Ramata Diebate is a committed parent of two young children, Dominic and Ella. A 2007 graduate of the University of Washington, she volunteers at the Kent Family Court Parent-to-Parent Peer Advocates program. Since participating in an urban environmental education program in high school, she has worked to educate herself about our food system and its impact on family health and the environment.
At that time I took the survey, I was breastfeeding my daughter, and I was worried about having the proper nutrients; not having pesticides in my system and just generally having a healthy diet. I would say it’s of top importance to me and my family – and to every family – that we get access to healthy food.
We want our children to be healthy, to grow the way they are supposed to; and they can’t do that off of processed foods. I don’t think any family prefers to eat processed foods; but at certain times of the month, it’s what’s consumed because there’s not the funds to buy the fresh produce.
At the end of the month – it’s the hardest. At the end of the month you have to scrimp on fruits and vegetables and meat; and it shouldn’t be that way. Healthy food should be affordable enough so that families can eat well all month; not just in the first two or three weeks.
I’m struggling economically, but I’m an educated woman. And yet I don’t understand why it should be this way.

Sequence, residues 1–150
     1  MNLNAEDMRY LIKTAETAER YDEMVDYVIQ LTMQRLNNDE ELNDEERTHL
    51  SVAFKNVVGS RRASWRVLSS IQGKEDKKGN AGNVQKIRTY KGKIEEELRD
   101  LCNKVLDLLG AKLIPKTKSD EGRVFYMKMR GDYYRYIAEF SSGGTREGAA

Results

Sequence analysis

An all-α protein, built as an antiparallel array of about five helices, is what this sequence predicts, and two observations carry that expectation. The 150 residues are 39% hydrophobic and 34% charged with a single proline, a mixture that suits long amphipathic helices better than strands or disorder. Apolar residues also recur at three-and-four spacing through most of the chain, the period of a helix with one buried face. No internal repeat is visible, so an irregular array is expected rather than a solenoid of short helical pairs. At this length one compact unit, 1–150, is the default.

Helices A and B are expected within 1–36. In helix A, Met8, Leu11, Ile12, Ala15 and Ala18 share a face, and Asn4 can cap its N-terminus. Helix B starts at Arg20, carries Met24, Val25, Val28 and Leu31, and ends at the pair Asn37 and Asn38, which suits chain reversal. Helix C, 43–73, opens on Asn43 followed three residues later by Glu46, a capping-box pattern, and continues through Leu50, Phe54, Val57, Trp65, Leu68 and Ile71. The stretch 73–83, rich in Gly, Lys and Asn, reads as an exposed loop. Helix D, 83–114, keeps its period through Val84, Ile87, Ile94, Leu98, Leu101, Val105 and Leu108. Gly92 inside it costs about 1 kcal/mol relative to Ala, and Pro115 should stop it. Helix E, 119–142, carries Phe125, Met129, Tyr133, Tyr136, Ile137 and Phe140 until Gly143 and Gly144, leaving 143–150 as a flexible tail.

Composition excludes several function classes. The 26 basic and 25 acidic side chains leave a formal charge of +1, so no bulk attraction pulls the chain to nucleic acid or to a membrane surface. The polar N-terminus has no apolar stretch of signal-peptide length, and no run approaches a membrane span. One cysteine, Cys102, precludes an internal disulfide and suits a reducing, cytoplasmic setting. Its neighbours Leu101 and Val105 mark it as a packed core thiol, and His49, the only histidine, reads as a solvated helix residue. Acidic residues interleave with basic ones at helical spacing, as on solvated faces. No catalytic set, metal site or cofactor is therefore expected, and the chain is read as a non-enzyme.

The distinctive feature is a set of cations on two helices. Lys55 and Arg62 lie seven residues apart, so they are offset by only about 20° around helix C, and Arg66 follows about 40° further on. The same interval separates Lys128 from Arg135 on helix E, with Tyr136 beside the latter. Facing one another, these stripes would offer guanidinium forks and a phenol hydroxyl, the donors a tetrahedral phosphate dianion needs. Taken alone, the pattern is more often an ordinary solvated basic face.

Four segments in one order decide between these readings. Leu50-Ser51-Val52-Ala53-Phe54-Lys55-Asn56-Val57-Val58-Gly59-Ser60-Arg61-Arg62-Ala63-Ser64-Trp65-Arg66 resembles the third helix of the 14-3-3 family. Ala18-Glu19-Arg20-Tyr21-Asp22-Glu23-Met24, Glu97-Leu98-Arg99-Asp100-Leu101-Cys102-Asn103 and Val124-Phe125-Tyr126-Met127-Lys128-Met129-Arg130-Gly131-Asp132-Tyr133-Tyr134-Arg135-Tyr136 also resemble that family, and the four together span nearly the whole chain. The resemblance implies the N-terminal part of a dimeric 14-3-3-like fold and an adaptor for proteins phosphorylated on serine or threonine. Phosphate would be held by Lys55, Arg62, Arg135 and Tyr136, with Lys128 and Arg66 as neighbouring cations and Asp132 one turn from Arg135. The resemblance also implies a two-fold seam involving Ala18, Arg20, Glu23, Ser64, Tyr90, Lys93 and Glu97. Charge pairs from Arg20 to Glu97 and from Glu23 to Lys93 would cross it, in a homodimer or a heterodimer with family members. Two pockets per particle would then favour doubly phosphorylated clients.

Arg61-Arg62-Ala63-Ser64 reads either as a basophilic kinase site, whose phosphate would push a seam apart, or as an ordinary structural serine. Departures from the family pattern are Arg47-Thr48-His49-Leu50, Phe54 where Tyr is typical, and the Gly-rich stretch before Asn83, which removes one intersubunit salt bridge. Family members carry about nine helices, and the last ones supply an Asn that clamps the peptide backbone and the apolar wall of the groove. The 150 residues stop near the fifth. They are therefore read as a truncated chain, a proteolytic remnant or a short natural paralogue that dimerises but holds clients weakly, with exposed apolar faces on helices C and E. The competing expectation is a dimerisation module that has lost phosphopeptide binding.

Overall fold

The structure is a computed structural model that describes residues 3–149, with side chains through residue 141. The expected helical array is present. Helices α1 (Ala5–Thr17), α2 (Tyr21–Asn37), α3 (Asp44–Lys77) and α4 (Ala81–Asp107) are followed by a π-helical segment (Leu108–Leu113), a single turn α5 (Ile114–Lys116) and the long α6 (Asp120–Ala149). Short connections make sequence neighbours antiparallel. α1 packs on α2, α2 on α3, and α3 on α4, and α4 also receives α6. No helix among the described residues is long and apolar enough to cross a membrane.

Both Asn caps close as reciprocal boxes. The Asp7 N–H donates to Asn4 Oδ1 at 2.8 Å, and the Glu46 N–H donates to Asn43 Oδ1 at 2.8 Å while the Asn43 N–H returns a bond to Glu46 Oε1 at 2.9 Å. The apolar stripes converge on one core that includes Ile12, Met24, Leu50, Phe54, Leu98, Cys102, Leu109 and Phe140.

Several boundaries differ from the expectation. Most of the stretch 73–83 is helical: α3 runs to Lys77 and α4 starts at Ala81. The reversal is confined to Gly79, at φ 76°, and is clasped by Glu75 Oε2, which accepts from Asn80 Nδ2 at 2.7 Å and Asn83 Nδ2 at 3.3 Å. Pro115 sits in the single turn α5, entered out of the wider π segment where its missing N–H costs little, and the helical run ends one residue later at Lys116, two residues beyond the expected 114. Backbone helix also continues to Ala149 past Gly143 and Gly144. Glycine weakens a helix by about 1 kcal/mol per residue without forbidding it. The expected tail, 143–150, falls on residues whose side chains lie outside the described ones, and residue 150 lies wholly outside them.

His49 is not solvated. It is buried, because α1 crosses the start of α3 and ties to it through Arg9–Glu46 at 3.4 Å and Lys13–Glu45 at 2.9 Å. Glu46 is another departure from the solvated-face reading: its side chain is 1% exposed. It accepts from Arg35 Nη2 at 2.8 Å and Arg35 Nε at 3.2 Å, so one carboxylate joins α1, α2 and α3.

At the government level, farmers and producers of fruits and vegetables should be subsidized, and more should be grown; I read that if on one perfect day, everyone in the United States decided to follow the food and nutrition guidelines and eat at least five servings of fresh fruits and vegetables, there wouldn’t be enough fresh produce in this country to go around. Which is a shame; they subsidize corn but not most fresh produce.
Local farmers – organic farmers – we should get them involved. Together we should be able to figure out how to make good food affordable.
Got Green will celebrated the international day of action on climate change on September 24th, 2011 a little differently than other actions nationwide by releasing a report on what low-income women and people of color have to say about their priorities for the green movement- to change the climate of our communities.
Click below to watch Ramata Diebate’s 9/24/11 testimony on access to healthy foods:
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